So far, you may have heard of Facebook's new cryptocurrency Libra (Libra). This news has aroused the attention of the international media. Since the official announcement of this news, it has occupied more than two weeks of headlines. But if this is the first time I heard this, welcome to the future, and now Facebook wants to control monetary policy.
People who care about the bitcoin field know that Facebook has been working on cryptocurrencies for a while, but it wasn't until June 18 that people could see exactly what it looked like. For many people in the cryptocurrency industry, it is more or less what they expect; that is, it is not a true cryptocurrency and does not offer the benefits of Bitcoin.
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What is cryptocurrency?
Bitcoin is the world's first cryptocurrency and is well known in popular culture for its dramatic price fluctuations. Bitcoin is called cryptocurrency because it uses encryption to handle transactions and transfer value. This end-to-end encryption makes transactions highly secure (almost indestructible) and irreversible. These transactions are recorded on a so-called blockchain. This technology is the backbone of the Bitcoin network. It is like a digital ledger, keeping a constant record of all account balances on the network, and ensuring that no one is deceiving the system to spend the bitcoins they don't have.
The key features of the Bitcoin network are immutability, security, no authority and decentralization – all transactions are final, the network is virtually impossible to compromise, anyone can use it as freely as the Internet itself, without a center An entity (such as a government or bank) controls it. The network's currency bitcoin is scarce and unreviewed. There are only 21 million bitcoins, and this currency cannot be regulated or banned like the Internet. .
As an endogenous currency of the Internet, Bitcoin is also global. Depending on the transaction fee set by the sender, sending bitcoin from Nashville to Seoul, South Korea may take only a few minutes. In contrast, bank wire transfers can take up to a week.
Why did Libra fail the test?
To understand the meaning of Libra in the wider world of thousands of cryptocurrencies, it is crucial to understand how Bitcoin works and why its users see value in a decentralized, non-state monetary system. of. By emphasizing the way Bitcoin works with Libra, we can clearly see that the two companies have in common the similarities between the Fed's monetary policy and the gold mining industry, or a large company and an employee. The similarities of the company.
For example, unlike Bitcoin, Bitcoin is an open system, and Libra is closed and will be highly checked. Facebook announced that it has partnered with 27 other major companies, companies and non-profit organizations to distribute the currency, including Visa, MasterCard, Spotify, Lyft, Uber and Ebay. These founding members form the Libra Association, which will be responsible for handling network transactions and maintaining its version of the blockchain. By the time of initial launch in 2020, the project is expected to expand to approximately 100 members.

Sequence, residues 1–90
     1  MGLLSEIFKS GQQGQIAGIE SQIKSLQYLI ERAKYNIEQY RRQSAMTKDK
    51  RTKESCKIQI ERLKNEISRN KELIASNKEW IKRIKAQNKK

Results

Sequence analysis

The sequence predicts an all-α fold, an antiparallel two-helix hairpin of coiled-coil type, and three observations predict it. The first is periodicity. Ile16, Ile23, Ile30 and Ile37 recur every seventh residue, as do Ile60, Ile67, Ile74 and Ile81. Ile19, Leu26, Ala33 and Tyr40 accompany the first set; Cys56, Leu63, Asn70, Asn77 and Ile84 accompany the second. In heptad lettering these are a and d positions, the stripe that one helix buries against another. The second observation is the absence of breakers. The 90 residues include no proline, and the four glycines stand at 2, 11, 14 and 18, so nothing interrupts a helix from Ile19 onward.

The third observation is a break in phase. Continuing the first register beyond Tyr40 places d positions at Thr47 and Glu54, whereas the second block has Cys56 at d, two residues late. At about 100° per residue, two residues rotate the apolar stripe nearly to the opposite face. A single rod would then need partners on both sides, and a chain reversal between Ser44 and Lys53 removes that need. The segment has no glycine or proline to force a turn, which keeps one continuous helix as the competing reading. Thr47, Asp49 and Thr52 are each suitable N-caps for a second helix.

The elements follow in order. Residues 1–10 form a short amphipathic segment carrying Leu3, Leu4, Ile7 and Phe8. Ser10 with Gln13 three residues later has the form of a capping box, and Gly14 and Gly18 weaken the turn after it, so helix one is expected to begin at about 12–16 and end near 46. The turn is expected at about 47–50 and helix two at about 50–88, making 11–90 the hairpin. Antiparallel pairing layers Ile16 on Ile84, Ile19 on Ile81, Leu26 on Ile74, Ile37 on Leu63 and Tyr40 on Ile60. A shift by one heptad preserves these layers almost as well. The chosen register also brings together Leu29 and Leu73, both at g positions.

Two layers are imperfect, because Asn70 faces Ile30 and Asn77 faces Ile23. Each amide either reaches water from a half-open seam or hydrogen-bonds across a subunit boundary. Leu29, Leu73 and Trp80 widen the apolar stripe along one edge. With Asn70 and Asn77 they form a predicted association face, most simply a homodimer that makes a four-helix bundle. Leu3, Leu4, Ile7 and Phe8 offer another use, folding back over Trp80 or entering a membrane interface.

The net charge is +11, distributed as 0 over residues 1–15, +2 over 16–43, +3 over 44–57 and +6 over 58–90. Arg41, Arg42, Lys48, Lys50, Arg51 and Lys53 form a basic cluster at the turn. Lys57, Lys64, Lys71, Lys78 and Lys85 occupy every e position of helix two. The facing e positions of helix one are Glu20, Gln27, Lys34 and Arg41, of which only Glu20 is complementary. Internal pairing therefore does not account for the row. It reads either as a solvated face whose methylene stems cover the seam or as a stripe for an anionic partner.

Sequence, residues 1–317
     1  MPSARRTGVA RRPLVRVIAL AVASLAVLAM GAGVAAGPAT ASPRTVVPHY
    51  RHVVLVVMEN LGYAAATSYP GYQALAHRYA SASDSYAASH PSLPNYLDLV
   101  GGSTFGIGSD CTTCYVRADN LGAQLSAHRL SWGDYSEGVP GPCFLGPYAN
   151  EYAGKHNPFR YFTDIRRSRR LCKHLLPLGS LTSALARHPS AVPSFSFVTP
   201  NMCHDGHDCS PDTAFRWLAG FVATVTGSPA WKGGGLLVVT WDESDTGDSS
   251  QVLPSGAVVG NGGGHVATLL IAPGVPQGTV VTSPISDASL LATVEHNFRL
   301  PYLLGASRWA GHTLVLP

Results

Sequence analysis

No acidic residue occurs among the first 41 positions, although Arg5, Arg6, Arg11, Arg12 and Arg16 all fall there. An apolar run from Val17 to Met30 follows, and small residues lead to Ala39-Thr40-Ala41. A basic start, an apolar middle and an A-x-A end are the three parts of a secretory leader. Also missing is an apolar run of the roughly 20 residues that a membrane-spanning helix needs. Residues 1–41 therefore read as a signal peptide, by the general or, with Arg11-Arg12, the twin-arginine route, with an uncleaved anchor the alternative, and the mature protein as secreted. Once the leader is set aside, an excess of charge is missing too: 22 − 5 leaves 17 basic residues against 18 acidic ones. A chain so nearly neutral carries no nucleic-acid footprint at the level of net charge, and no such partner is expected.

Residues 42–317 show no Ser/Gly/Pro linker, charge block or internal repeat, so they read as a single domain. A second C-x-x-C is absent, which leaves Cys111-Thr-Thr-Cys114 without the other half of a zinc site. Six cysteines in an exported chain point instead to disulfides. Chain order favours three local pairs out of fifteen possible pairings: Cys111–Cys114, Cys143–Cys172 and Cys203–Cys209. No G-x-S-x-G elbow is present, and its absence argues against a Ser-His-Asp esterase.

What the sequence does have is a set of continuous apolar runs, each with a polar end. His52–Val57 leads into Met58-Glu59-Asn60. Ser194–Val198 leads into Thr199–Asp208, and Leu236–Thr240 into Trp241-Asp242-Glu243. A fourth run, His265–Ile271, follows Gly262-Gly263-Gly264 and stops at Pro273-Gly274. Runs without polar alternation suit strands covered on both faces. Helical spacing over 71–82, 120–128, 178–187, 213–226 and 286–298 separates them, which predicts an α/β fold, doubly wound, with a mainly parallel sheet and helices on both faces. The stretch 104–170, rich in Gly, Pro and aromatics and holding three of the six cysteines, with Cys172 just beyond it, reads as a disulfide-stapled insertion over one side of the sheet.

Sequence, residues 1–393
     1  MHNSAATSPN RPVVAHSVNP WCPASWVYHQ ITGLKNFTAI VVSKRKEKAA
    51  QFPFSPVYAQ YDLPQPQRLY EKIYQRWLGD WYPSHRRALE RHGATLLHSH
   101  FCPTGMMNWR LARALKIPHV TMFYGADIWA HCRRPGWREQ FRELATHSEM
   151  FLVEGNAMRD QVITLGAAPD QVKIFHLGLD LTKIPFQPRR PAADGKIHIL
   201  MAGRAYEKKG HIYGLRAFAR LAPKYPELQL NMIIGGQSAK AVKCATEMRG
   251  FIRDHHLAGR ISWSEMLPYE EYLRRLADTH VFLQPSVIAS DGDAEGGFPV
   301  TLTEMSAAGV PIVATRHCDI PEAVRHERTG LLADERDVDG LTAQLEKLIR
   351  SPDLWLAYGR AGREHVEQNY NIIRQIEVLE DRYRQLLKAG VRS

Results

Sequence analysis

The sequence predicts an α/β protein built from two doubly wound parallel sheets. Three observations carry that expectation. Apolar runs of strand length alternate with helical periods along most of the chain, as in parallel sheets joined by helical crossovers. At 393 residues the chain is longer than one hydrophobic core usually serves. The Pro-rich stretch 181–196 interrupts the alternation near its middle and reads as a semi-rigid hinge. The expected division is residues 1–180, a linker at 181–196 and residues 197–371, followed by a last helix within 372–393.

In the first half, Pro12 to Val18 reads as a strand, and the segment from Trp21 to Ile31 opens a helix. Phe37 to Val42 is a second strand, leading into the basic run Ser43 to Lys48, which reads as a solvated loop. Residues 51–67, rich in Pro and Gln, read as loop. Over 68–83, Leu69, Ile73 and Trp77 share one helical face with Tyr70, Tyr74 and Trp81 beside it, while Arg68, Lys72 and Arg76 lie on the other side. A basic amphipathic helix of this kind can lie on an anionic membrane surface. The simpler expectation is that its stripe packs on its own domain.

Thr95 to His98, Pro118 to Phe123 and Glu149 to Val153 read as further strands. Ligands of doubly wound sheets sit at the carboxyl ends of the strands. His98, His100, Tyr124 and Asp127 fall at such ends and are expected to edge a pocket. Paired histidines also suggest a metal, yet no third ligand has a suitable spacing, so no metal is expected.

This means that only 100 servers (also known as nodes) will maintain the network. In contrast, Bitcoin has nearly 11,000 nodes worldwide to verify and broadcast transactions to the rest of the network. We refer to these "complete nodes" in the industry as "drill nodes," which provide computing power to sort transactions in the blockchain and protect the network from attacks. They charge transaction fees and new bitcoin from the network as a reward for this service; the process of casting this token is to release the newly mined tokens according to the set inflation schedule (now about 2% per year). The way the network manages monetary policy without a centralized entity. Together, these nodes build a decentralized framework that makes Bitcoin so robust; if you want to remove or damage one of the nodes, the network is still safe because thousands of others are still running code to support the network.
Libra will never be dispersed or designed to provide bitcoin protection. With Bitcoin, anyone can run a complete or digging node, but for Libra, each founding member must commit at least $10 million to have access to the network. In the future, any other entity wishing to join the Libra Association must pay a similar or even higher amount.
Then the running node gives these members rights? In addition to being a sentinel of a new monetary system, they will also receive trading rewards and bonuses from the Libra reserve. The reserve will include a basket of government-backed assets, such as national currencies, bonds and securities, and interest will be paid to members of the association in proportion to their share in the Libra network.
Sounds like a familiar model? If a member federation with currency control does not issue or convert the national currency to the authorized broker, then the Libra reserve agency should take it home: the Libra Association is basically a company operating The central bank is no different from the Fed. Its bank reserve will give the coin a stable value, most likely one dollar per coin, and each coin will be issued/loaned according to this reserve and can be redeemed.